• Note: On February 13, 2020, the FDA released a Drug Safety Communication indicating that it has requested that the manufacturer of Belviq and Belviq XR (lorcaserin) voluntarily withdraw this weight loss drug from the US market because a safety clinical trial shows an increased occurrence of cancer. The drug manufacturer submitted a request to voluntarily withdraw the drugr1
  • Dose is titrated on basis of efficacy and tolerability to the recommended maximum approved dose
  • If regimen is ineffective (ie, weight loss less than 4%-5% of body weight at 3-4 months) or if there are safety/tolerability issues at any time, discontinue and consider alternative medications or referral to a bariatric specialist r10
  • No approved weight loss medication promotes long-term weight loss; weight will gradually rise again when the medication is stopped unless dietary restriction or activity level is intensified r10
    • Continue long-term if effective (ie, weight loss of 4%‐5% of body weight or more at 3-4 months) and safe/tolerable r10
      • Phentermine is not approved for long-term use; continuation should be considered only with guidance from state medical boards and local laws r10

Bariatric surgery should be considered for patients with BMI of 40 kg/m² or more, for those with BMI of 35 kg/m² or more plus any obesity-related comorbidity, or when sufficient weight loss has not been achieved by other methods r4

  • For patients with BMI lower than 35 kg/m², there is insufficient evidencer4 to recommend bariatric surgery, but it may be offered to patients with diabetes or metabolic syndromer15
  • Compared to nonsurgical management of obesity, bariatric surgery is associated with increased weight loss and significant improvement in obesity-associated comorbidities, regardless of type of surgical procedure r16
  • Common bariatric surgical procedures include Roux-en-Y gastric bypass, laparoscopic adjustable gastric banding, vertical sleeve gastrectomy, and biliopancreatic diversion and duodenal switch; they may be performed by laparoscopic approach or (rarely) open approach
  • Some surgical procedures produce greater weight loss and greater improvements in comorbidities, with the most effective being Roux-en-Y gastric bypass and gastric sleeve procedure r16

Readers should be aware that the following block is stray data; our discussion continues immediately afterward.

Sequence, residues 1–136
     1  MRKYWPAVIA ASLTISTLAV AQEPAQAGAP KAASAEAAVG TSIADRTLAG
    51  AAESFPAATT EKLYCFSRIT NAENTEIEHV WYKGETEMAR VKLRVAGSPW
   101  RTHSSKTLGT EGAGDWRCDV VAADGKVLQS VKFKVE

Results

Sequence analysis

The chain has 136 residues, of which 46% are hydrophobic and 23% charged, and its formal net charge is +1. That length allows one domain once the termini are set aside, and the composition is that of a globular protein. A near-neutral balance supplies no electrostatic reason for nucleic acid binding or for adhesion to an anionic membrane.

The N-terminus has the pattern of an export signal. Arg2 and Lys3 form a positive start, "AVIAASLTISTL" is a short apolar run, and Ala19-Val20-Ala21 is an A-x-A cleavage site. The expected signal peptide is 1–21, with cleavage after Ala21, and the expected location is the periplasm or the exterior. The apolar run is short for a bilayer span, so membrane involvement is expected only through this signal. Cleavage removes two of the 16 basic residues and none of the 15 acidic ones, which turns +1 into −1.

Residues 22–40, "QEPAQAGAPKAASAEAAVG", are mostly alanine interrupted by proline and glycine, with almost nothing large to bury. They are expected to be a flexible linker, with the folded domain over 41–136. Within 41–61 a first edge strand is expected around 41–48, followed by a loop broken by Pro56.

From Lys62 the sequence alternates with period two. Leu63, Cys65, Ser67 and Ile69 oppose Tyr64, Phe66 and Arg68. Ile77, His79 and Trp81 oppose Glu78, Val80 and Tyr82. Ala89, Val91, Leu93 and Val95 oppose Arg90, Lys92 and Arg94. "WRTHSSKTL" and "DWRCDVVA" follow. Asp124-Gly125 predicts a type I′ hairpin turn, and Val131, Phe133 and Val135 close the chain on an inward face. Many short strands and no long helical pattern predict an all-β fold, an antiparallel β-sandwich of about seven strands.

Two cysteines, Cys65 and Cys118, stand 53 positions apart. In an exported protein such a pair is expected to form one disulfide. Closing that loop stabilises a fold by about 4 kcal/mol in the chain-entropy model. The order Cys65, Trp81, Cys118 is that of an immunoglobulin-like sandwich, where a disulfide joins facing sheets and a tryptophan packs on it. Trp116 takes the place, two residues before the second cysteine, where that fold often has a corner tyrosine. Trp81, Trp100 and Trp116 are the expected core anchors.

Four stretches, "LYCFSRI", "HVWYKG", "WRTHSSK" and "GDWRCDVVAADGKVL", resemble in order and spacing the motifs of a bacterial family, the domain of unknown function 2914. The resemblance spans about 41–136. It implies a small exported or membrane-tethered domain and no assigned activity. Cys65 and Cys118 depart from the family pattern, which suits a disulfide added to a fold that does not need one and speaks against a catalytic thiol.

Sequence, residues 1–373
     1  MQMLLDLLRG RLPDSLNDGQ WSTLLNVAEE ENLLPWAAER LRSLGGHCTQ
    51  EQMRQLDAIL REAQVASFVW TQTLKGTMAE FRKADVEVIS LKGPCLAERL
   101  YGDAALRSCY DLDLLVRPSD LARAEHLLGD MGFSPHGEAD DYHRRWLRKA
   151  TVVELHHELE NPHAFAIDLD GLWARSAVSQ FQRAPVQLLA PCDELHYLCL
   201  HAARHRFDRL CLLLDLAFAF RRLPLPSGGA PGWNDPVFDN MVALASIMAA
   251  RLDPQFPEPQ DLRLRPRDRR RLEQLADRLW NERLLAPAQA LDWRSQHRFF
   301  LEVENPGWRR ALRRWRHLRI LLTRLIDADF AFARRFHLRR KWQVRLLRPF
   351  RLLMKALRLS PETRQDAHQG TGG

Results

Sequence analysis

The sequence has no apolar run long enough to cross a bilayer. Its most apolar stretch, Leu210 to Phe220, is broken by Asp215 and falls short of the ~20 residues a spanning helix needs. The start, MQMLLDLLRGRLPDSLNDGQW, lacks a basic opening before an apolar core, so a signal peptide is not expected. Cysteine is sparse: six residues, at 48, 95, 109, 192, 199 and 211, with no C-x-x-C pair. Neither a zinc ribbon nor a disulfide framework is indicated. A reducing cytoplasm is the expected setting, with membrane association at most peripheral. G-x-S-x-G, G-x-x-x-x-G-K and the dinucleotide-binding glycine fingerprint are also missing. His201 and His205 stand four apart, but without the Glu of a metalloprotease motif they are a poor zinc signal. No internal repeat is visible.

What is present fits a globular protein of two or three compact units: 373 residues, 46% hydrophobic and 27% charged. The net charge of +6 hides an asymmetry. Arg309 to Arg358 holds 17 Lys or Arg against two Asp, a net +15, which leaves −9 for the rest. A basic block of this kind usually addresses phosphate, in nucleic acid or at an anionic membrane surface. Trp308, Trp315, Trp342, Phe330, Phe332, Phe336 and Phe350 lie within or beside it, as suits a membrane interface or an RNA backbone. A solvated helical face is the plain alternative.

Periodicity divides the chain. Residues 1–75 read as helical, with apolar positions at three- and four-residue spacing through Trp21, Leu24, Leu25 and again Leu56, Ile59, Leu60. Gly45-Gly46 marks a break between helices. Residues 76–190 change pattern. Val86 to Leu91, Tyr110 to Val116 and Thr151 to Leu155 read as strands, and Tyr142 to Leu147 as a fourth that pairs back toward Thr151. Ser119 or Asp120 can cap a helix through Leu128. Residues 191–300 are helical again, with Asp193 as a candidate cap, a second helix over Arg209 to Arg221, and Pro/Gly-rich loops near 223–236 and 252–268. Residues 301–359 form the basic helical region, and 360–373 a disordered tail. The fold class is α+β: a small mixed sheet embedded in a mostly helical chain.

Drug therapy r10

  • Sympathomimetic amine anorectic with or without antiepileptic
    • Diethylpropion c142
      • Approved for short-term use (3 months) only
      • Immediate-release preparation
        • Diethylpropion Hydrochloride Oral tablet; Adults: 25 mg PO 3 times per day, 1 hour before meals. A 25 mg tablet may also be administered in the mid-evening if desired to overcome nighttime hunger. Use as monotherapy; for short-term use only.
      • Extended-release preparation
        • Diethylpropion Hydrochloride Oral tablet, extended-release; Adults: 75 mg PO once daily in mid-morning. Use as monotherapy; for short-term use only.
    • Phentermine r10c143c144
      • Approved for short-term use (3 months) only
      • Once daily dosing (phentermine hydrochloride 15 mg or more per oral capsule or tablet)
        • Phentermine Hydrochloride Oral tablet; Adults and Adolescents 17 years and older: 15 to 37.5 mg PO once daily every morning before breakfast or 1 to 2 hours after breakfast. Some tablets with a score may be divided, with 18.75 mg (half-tablet) given in the morning and the other half-tablet later in the day (but not in late evening), if needed. For some patients 18.75 mg PO once daily is sufficient. Geriatric patients may require lower dosage. Use as monotherapy; for short-term use only.
        • Phentermine Hydrochloride Oral tablet; Adults and Adolescents 17 years and older: 15 to 37.5 mg PO once daily every morning before breakfast or 1 to 2 hours after breakfast. Some tablets with a score may be divided, with 18.75 mg (half-tablet) given in the morning and the other half-tablet later in the day (but not in late evening), if needed. For some patients 18.75 mg PO once daily is sufficient. Geriatric patients may require lower dosage. Use as monotherapy; for short-term use only.